The New Generation of Digital Hoarders Are Harming the Planet

The New Generation of Digital Hoarders Are Harming the Planet

Photograph by Ben Rayner / Trunk Archive


Words by Eve Upton-Clark

Holding onto thousands of photos, films, and other files may not seem like a pressing problem. But the cloud of the digital realm is also material, with switches, lights, HVAC—and a growing carbon footprint.

Mel Chapo was going through a turbulent time in her life. Experiencing complex post-traumatic stress disorder and a survivor of domestic abuse, Mel was raising her young daughter born in the first months of the pandemic as well as fighting a court case against her abuser. 


Due to the investigation, which began in 2020, Mel had to keep every single interaction with her abuser on her phone, including conversations, pictures and emails. “My phone was like a ticking bomb when it comes to my nervous system,” she told Atmos.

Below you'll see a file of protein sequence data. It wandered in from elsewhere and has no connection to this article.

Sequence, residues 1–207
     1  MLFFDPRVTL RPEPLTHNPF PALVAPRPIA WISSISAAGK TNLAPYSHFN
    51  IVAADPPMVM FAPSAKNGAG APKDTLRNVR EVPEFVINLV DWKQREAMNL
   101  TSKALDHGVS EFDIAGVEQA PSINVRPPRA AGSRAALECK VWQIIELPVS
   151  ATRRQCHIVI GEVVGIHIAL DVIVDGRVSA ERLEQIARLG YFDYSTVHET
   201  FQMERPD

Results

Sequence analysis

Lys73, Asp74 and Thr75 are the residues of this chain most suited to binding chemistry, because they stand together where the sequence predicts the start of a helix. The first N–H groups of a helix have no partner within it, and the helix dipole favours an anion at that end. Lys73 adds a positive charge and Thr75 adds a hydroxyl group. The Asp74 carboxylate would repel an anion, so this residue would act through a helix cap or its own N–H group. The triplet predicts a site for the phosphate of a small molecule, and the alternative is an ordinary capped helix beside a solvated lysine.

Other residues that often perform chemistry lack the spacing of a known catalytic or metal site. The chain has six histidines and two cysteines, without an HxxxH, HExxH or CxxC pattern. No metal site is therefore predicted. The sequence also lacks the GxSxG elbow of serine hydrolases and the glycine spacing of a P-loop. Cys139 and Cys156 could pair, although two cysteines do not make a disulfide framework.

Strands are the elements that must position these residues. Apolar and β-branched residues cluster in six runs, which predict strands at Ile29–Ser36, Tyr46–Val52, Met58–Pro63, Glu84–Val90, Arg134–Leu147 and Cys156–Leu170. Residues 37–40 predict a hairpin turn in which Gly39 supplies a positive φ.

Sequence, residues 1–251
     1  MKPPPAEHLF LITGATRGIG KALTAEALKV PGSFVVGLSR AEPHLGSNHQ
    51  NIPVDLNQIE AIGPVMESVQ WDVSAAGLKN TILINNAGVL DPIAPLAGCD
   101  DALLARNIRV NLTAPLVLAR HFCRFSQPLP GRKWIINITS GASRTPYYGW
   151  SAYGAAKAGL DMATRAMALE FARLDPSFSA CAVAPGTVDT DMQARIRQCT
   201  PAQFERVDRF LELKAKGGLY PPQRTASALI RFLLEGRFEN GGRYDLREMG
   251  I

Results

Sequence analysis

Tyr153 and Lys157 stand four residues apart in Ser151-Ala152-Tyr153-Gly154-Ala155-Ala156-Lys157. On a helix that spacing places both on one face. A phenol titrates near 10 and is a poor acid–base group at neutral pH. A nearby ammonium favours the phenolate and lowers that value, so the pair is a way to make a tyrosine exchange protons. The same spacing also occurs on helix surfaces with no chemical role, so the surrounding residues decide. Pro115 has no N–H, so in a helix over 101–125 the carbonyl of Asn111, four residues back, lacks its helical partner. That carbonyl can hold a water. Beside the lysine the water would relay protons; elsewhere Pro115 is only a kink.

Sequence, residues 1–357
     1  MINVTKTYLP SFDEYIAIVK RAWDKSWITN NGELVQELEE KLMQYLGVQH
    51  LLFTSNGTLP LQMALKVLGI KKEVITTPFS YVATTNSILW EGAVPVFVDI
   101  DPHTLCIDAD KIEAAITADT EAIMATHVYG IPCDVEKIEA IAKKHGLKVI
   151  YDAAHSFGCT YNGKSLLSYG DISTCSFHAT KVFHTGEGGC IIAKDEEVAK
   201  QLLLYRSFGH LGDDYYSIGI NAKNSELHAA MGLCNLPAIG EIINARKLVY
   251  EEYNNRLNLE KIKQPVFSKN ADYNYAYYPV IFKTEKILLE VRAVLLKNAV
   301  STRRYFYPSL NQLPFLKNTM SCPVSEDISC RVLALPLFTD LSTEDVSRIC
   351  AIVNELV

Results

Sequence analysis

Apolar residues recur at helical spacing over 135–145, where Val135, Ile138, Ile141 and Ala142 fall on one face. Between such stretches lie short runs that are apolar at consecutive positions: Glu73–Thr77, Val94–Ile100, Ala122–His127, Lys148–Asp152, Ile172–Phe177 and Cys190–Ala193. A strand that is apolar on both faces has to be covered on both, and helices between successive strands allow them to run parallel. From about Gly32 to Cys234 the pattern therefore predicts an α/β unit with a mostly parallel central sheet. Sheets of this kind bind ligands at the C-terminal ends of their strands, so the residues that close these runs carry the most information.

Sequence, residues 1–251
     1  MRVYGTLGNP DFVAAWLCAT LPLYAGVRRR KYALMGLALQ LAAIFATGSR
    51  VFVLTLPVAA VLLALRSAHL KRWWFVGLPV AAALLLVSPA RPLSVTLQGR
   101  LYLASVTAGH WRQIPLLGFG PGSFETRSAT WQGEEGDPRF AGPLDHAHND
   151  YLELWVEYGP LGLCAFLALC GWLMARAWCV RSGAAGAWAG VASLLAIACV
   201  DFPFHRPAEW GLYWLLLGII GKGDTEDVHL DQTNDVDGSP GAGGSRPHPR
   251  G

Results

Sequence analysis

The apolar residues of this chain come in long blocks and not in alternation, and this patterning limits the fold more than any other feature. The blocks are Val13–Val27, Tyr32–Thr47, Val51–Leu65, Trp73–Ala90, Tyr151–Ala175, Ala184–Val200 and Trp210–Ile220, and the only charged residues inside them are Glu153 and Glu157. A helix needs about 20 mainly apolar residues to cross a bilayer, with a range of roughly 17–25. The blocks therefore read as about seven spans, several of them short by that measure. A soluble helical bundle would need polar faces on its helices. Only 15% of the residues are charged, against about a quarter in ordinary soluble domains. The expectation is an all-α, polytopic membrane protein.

When the court case concluded in February 2023 Mel went to clear out the files that had accumulated. But she soon found herself struggling to delete even the most mundane things; pictures of her daughter, TikToks she had saved or recipes she had screenshotted for later. “It could be hundreds of pictures of the same day and I would feel like I couldn’t delete it,” said Mel. “I realized I became even more sentimental because my daughter and I missed out on a lot.”


Whether it’s undeleted emails, photos that date back to the early 2010s or conversations with people you are no longer in touch with, the availability and affordability of modern technology, social media and the digitization of business and personal interactions has increased the propensity to accumulate substantial amounts of digital content. All the while we count on the nebulous “cloud” to save our precious moments and important documents. 


When was the last time you went to the effort of deleting that extra copy of the draft you created or the pointless screenshots in your camera roll? That used to be a common occurrence back when digital space was limited. Now it is inexhaustible and has forever changed how we relate to our digital clutter. With cloud storage plans costing near zero, this may not seem like a pressing problem. But the reality is that our digital clutter may be doing more harm than we think—and the scale and scope of the issue is snowballing.